Donald Trump takes aim at Oscar's Best Picture fail

Donald Trump takes aim at Oscar's Best Picture fail

Also in 2015, Trump reiterated his 2014 desire to host to the awards show: In a frighteningly bombastic Instagram video, he argued that the the solution to the Oscars' trenchant problems would be he, himself, Donald Trump. "It was a little sad".

After all the hits he took at the Oscars, everyone knew that it was only a matter of time until our pop-culture-obsessed president responded. It's even necessary in these tumultuous times, and I only hope that in years to come both at the Oscars and outside, even when the diversity spotlight is slightly off the Academy, this kind of platform-using will continue.

But then came that end, when one of the biggest, most epic fiascos in the history of the Oscars occurred.

An incredible 200 million more viewers around the globe are set to tune into the ceremony than the one billion who watched previous year. "I want to say thank you to President Trump", Kimmel said at one point.

Oscars host Jimmy Kimmel recently teased how he will tackle Trump, saying: "I don't think it will be very political". "It's gone thanks to him".

President Donald Trump said Monday that this year's Academy Awards failed on Sunday because of Hollywood's obsession with him and politics in general.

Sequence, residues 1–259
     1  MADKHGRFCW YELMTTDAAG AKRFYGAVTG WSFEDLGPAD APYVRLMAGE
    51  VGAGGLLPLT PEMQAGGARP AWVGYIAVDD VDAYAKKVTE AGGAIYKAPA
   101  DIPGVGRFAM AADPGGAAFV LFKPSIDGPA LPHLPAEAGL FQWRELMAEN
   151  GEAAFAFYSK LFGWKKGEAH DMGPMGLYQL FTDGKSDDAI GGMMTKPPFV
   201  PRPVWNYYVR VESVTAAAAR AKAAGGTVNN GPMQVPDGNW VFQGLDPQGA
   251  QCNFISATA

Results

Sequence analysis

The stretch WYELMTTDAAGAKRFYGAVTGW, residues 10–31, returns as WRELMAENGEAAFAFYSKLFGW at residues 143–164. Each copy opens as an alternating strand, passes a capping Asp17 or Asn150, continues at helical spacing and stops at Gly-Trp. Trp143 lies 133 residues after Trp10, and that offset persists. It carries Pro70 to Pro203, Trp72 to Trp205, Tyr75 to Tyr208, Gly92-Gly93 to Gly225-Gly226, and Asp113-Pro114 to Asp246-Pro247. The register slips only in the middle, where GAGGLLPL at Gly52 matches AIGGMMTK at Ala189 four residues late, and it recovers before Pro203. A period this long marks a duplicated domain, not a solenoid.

In an unprecedented gaffe, "La La Land" was accidentally awarded the Oscar for best picture before producers realized the award actually belonged to "Moonlight".

Best Actress nominee Meryl Streep harangued Trump at length just weeks ago at the Golden Globes.

The sharpest statements at the Academy Awards took aim at the Trump administration's efforts to restrict entry into the United States.

The prepared statement by Best Foreign Language Film victor Asghar Farhadi, delivered by the Iranian-American engineer Anousheh Ansari, was a forceful denunciation of "the inhumane law that bans entry of immigrants to the USA", and of the enmity that could serve as "a deceitful justification for aggression and war". "Dividing the world into the us and our enemies categories creates fear". "Hey @realDonaldTrump u up?" he wrote, adding in a second tweet, "@realDonaldTrump #Merylsayshi".

The ceremony then progressed as actors, directors and other people from the film industry expressed their opinions on the POTUS's stance on immigrants, Mexicans and the travel ban. We criticise celebrities when we perceive them to be vapid, and we criticise them when they attempt not to be. Gael García Bernal spoke out against the planned wall on the border with Mexico, and Ezra Edelman, who directed the Best Documentary Feature, "O.J.: Made in America", spoke of "victims of police violence, police brutality, racially motivated violence, and criminal injustice".

There were sympathizers of Hispanic Americans last night too, who didn't miss the opportunity to attack Trump for his apparent hostile rhetoric towards the community.